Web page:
I did an interview a couple months ago with Joanne Burgueño, a photographer who helps run the Dixie Fire Stories page on Facebook. They have been running multi-part interviews, with photos, with people who went thru the Dixie Fire in one way or another. Here it is: My name is Zeke Lunder. I’m a geographer … Read more

Full Interview with Daniel Swain, PhD

  Daniel Swain, PhD is one of the world’s foremost experts in the interactions between climate, wildfire, and flooding. He joined Zeke at The Lookout to talk about the Dixie Fire specifically and how weather affects wildfire in general. He also had some interesting things to tell us about the Marshall Fire, flooding and climate … Read more

A Conversation with Sue Husari

Lassen Hotshots, 1977. Zeke: Okay. We have a visitor today, Sue Husari, legendary wildland firefighter, one of the first female Hotshots, and leader in American wildland fire with a fire career spanning 5 decades. Welcome to The Lookout, Sue! When did you know that you were going to have a career in fire? Sue Husari: … Read more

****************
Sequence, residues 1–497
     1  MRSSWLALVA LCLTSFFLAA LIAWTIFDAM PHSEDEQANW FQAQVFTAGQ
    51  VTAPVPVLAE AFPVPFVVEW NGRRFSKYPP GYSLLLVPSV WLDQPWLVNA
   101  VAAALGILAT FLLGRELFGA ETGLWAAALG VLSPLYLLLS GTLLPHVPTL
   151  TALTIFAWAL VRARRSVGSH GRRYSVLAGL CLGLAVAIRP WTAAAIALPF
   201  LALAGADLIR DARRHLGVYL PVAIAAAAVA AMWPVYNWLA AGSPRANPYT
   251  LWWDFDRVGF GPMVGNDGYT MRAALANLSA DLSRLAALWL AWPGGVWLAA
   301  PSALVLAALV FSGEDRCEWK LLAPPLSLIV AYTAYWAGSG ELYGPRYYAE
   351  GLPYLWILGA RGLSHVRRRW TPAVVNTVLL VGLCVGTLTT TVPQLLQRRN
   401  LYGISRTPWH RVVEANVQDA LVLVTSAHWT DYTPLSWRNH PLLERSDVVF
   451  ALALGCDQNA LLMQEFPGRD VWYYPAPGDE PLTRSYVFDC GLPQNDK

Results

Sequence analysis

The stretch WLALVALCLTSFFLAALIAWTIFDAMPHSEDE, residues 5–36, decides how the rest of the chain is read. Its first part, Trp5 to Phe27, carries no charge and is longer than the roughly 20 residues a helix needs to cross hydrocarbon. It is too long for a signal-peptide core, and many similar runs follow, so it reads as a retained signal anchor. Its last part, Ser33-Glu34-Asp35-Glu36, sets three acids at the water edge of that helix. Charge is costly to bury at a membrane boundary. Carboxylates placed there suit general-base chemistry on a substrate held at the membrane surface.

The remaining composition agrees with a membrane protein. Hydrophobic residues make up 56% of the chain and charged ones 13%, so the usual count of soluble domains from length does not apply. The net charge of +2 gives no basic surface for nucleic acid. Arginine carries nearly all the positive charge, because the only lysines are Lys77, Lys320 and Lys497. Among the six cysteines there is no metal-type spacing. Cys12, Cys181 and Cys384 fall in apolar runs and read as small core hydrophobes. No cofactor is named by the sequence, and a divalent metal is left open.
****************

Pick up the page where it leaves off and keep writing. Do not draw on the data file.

Dixie Fire in Lassen Park – Animation

Here is a great map made by our friend Peter Hansen showing the Dixie Fire‘s spread across Lassen Park. As we have discussed in length on previous posts, the 2012 Reading Fire was a managed wildfire that escaped control and burned out of the park. Nine years later, the Reading played a major role in … Read more

Lassen Park and Caribou Wilderness Fire Severity – 9/11/2021

Getting the Wildfire Story Wrong We have been hearing a lot of people express concern about the amount of acreage burned in Lassen Volcanic National Park during the Dixie Fire. Part of this is the fault of sloppy reporting and articles by nationally respected publications that are getting the story wrong. This is common. Our … Read more